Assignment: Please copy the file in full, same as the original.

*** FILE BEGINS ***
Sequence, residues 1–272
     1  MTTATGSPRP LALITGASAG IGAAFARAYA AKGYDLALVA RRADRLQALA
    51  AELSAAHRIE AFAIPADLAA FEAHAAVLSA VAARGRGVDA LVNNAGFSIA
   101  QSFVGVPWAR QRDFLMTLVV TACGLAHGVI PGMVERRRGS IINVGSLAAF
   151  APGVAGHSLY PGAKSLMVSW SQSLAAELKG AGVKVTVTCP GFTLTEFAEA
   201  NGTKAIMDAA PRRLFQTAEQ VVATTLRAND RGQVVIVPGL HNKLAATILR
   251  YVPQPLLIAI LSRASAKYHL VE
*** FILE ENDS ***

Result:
Sequence, residues 1–272
     1  MTTATGSPRP LALITGASAG IGAAFARAYA AKGYDLALVA RRADRLQALA
    51  AELSAAHRIE AFAIPADLAA FEAHAAVLSA VAARGRGVDA LVNNAGFSIA
   101  QSFVGVPWAR QRDFLMTLVV TACGLAHGVI PGMVERRRGS IINVGSLAAF
   151  APGVAGHSLY PGAKSLMVSW SQSLAAELKG AGVKVTVTCP GFTLTEFAEA
   201  NGTKAIMDAA PRRLFQTAEQ VVATTLRAND RGQVVIVPGL HNKLAATILR
   251  YVPQPLLIAI LSRASAKYHL VE